But the prime minister has been unclear about Canada's position. Justin Trudeau told reporters this week that security is only one part of his government's focus in the North. Addressing climate change and promoting economic opportunities for the Inuit are equally important, he said.

"We are in a time of of reflection around how we ensure Canada's continued sovereignty in the Arctic, and in times past or governments past that would have happened through a military lens," he said Thursday after announcing a new engagement policy with Inuit.

Prime Minister Justin Trudeau and P.J. Akeeagok, president of the Qikiqtani Inuit Association, walk the shore of Pamiuja as they visit Arctic Bay in Nunavut on Aug. 1, 2019. Akeeagok was elected Nunavut's premier in November 2021. (Sean Kilpatrick/The Canadian Press)

"Can we put more bases in the North? Can we show that we're ready to defend and control our Arctic? What this policy, and quite frankly, the relationship that we've built over the past number of years in the Crown-Inuit partnership [shows] is [that] sovereignty in the North passes through the people who live there and who have lived there for millennia."

A spokesperson for Defence Minister Anita Anand said Arctic defence is a key government priority.

Daniel Minden wrote in an email that the 2021 budget included $252 million over five years in initial military funding, "with new investments in situational awareness, modernized command and control systems, research and development, and defence capabilities to deter and defeat aerospace threats to this continent."

The email also says that Budget 2022 goes further by "investing $6.1 billion in increased capabilities for the Canadian Armed Forces, including continental defence."

Co-operation on shared defence priorities isn't the only file to land on Cohen's desk since he arrived in Ottawa just before anti-vaccine mandate protests locked down the nation's capital for weeks.

Compromise on EV tax credit in the works: Cohen

Trade and climate change are two other topics where there's potential for conflict.

The Trudeau government lobbied hard last year for Canada's exemption from a proposal in President Joe Biden's now-defeated Build Back Better bill that would have given a $12,500 tax credit to buyers of electric vehicles — provided the vehicles were made in the U.S. by unionized workers.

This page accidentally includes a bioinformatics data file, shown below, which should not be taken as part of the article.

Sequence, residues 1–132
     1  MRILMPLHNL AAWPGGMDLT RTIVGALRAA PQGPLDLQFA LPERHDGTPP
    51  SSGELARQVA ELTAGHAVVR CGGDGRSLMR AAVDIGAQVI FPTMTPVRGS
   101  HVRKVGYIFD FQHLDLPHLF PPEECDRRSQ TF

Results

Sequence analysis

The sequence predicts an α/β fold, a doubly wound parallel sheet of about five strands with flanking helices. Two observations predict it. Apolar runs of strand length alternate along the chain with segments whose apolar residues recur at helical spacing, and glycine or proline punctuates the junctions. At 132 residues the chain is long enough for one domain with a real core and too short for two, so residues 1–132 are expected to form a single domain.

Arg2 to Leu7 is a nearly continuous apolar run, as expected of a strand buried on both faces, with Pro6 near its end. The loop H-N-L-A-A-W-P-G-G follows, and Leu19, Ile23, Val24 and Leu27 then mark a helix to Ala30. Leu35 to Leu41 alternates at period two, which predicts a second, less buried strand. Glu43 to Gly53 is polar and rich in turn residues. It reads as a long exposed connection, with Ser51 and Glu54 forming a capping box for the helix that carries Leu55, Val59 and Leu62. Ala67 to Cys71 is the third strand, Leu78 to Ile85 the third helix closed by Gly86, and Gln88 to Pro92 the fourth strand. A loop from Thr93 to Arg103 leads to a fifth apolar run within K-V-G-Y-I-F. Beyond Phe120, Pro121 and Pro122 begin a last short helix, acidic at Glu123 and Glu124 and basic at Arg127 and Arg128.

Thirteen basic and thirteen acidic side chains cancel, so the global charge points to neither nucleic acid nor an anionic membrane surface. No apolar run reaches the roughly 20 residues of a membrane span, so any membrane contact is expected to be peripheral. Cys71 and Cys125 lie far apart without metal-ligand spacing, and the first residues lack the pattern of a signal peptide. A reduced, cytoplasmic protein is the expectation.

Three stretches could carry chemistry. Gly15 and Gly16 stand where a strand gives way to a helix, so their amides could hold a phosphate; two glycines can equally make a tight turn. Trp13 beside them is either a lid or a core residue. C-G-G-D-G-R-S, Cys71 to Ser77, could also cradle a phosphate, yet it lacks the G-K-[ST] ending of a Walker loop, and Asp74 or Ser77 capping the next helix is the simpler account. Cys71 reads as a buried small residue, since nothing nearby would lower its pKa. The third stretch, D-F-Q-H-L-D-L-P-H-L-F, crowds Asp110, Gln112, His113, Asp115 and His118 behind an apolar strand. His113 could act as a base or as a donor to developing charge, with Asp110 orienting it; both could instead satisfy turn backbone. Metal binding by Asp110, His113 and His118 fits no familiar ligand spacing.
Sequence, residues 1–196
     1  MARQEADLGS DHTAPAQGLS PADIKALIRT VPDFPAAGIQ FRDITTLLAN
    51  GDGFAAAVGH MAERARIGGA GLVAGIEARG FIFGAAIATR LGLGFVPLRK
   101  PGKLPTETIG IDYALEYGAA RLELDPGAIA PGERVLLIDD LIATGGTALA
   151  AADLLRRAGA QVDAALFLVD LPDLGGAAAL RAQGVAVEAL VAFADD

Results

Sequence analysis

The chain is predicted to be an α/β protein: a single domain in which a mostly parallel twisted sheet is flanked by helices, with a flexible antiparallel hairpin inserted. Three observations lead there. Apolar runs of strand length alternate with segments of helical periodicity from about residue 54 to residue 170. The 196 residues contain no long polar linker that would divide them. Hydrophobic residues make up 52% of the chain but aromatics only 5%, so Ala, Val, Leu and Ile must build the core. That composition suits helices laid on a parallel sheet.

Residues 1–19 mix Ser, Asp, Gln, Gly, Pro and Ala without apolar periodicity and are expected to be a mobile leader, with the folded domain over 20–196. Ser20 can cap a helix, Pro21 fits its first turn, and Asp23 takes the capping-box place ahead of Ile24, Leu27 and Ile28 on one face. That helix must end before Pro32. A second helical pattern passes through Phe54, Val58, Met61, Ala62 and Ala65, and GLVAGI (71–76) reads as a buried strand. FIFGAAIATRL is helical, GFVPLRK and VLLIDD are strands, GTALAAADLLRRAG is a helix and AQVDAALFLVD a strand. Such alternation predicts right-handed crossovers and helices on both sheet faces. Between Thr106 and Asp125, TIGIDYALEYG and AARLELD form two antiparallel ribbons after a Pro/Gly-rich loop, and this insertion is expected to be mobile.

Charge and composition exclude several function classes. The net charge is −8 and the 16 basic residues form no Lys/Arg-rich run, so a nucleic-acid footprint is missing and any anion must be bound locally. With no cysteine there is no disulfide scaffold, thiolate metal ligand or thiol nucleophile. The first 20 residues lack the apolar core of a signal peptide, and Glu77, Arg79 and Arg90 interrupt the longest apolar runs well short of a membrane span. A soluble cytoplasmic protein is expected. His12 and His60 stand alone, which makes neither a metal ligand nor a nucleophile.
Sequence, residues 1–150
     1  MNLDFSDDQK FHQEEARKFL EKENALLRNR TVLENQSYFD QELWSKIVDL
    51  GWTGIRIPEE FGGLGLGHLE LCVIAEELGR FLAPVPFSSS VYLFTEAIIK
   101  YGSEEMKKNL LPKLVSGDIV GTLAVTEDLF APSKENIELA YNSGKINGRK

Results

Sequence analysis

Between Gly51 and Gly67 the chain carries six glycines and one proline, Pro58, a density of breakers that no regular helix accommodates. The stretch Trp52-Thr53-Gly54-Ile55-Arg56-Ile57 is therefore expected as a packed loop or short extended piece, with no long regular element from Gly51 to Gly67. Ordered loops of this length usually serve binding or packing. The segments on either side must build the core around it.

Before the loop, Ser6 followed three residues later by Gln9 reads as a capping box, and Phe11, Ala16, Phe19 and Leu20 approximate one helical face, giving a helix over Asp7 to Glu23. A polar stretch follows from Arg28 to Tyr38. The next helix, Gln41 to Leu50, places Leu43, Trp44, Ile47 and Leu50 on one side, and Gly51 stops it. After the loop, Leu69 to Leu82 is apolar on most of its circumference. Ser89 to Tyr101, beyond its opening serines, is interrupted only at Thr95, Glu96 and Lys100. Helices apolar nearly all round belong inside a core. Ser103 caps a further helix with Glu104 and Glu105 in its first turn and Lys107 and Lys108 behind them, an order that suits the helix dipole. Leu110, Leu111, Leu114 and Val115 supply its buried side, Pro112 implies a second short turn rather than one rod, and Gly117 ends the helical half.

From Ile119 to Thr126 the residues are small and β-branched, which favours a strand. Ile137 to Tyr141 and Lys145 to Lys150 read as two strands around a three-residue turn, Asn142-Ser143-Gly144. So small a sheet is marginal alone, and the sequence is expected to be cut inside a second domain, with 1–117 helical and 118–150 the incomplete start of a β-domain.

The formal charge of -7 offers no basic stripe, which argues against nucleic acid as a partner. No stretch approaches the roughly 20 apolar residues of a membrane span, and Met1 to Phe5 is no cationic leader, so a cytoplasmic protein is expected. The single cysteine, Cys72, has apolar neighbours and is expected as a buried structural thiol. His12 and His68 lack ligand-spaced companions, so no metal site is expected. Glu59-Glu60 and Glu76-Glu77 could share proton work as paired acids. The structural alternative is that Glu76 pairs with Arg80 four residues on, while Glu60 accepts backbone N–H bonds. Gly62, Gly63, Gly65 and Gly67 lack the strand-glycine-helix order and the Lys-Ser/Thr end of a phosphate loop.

Cohen said the proposed tax credit to boost U.S. electric vehicle sales isn't dead, but a compromise to ensure Canadian auto parts suppliers aren't shut out is in the works.

"I'll remind you that the prime minister actually threw out a possible solution to that, which is that if the U.S. legislation was rewritten to be North American, that Canada would entertain increasing its credits for electric vehicles, which tend to be in the form of consumer rebates," he said.

A driver plugs in a Volkswagen e-Golf at a charging station at Lansdowne Mall in Peterborough, Ont., in June 2018. (The Canadian Press)

Cohen also sought to alleviate concerns about U.S. protectionism, and any lingering concerns about the shutdown of the Ambassador Bridge by protesters in February, by pointing to a speech this week by the director of Biden's National Economic Council, Brian Deese.

"He said a lot of things in that speech but the headline for this question is that it is not possible for the United States or any country to domestically produce 100 per cent of the components of our supply chain," Cohen said. "We need to have strong partnerships and relationships with allies in order to secure a reliable and resilient supply chain.

"So there's now a direct answer from the White House to your question [about] whether the desire and commitment to maintain and grow the interconnectedness of the supply chain between Canada and the United States remains."


  • This story has been updated to more clearly reflect the commitments the government has made in its 2021 and 2022 budgets around continental defence.
    Apr 23, 2022 12:29 PM ET


Chris Hall

National Affairs Editor

Chris Hall is the CBC's National Affairs Editor and host of The House on CBC Radio, based in the Parliamentary Bureau in Ottawa. He began his reporting career with the Ottawa Citizen, before moving to CBC Radio in 1992, where he worked as a national radio reporter in Toronto, Halifax and St. John's. He returned to Ottawa and the Hill in 1998. Follow him on Twitter: @chrishallcbc